Dental nurses help dentists to treat their patients and do reception work and other tasks in the practice.
Salary range: £18,813 to £30,112
How to become a dental nurse
You can get into this job through:
- a college course
- an apprenticeship
- working towards this role
You can study for a Level 3 Diploma in Dental Nursing.
You may be able to study full-time, or do 1 or 2 days a week in college and work in a surgery for the rest of the time.
You’ll usually need:
- 4 or 5 GCSEs at grades 9 to 4 (A* to C), or equivalent, for a level 3 course
You can take an advanced apprenticeship in dental nursing.
You’ll need to be working in a dental surgery to do an apprenticeship.
You’ll usually need:
- 5 GCSEs at grades 9 to 4 (A* to C), or equivalent, including English and maths, for an advanced apprenticeship
A common route is to start with a dental practice as a trainee and study for a dental nursing qualification on the job.
- you’ll need to register with the General Dental Council
Professional and industry bodies
You can join The British Association of Dental Nurses for professional development training.
You can get more details about dental nursing from Health Careers.
What it takes
Skills and knowledge
- the ability to work well with others
- to be thorough and pay attention to detail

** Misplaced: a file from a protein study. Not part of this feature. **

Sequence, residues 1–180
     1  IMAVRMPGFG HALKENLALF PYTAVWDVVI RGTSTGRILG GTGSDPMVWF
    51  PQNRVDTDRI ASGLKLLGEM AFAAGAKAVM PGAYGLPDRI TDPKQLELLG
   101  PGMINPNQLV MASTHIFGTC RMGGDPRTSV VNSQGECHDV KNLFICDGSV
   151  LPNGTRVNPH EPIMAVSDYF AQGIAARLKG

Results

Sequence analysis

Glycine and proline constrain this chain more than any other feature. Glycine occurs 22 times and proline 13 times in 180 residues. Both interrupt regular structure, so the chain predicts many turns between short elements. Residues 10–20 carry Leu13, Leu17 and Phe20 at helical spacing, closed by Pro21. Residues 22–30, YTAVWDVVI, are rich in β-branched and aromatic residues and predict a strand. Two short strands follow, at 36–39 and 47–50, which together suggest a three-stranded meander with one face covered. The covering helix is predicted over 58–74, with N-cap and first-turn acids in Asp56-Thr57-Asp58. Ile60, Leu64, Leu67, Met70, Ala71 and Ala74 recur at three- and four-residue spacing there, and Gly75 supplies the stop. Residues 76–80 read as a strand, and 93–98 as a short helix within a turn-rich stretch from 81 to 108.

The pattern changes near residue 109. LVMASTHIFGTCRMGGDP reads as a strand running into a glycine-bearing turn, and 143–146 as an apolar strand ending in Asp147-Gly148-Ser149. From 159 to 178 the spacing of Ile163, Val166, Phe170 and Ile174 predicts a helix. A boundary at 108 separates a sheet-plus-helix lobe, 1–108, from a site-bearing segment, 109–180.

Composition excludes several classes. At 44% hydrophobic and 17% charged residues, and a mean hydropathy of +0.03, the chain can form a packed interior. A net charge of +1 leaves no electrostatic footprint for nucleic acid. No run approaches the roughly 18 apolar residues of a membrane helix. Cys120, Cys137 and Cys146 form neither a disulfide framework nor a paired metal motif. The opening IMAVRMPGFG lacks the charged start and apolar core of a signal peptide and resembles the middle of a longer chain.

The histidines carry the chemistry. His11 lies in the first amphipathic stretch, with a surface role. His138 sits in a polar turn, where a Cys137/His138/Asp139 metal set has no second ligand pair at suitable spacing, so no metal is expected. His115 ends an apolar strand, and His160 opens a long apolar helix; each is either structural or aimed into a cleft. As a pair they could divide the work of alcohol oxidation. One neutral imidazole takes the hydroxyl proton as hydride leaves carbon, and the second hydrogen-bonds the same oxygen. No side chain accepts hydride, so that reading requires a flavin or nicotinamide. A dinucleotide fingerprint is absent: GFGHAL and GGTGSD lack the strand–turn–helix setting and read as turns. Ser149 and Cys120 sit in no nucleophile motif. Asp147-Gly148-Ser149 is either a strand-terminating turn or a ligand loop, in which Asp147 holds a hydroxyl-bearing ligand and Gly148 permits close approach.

- patience and the ability to remain calm in stressful situations
- sensitivity and understanding
- knowledge of medicine and dentistry
- customer service skills
- excellent verbal communication skills
- the ability to work well with your hands
- to be able to carry out basic tasks on a computer or hand-held device
Restrictions and requirements
You’ll need to:
What you’ll do
In this role you could be:
- passing instruments to the dentist or hygienist
- removing water and saliva from the patient’s mouth during treatment
- preparing materials to make fillings
- making sure that the patient is relaxed and comfortable at all times
- keeping the surgery tidy and sterile
- sterilising instruments
- recording information about each patient
You could work at a dental practice, at a health centre or in an NHS or private hospital.
You may need to wear protective clothing and a uniform.
Career path and progression
With experience you may be able to move into jobs like team manager, team leader or dental practice manager.
With further training you could become a dental therapist, helping a dentist carry out the more routine dentistry work. You could also become a dental hygienist, helping people to look after their teeth and gums.
You might decide to train as an orthodontic therapist helping dentists to improve the look and position of a patient’s teeth.
Health Careers has information on careers in all areas of the dental team.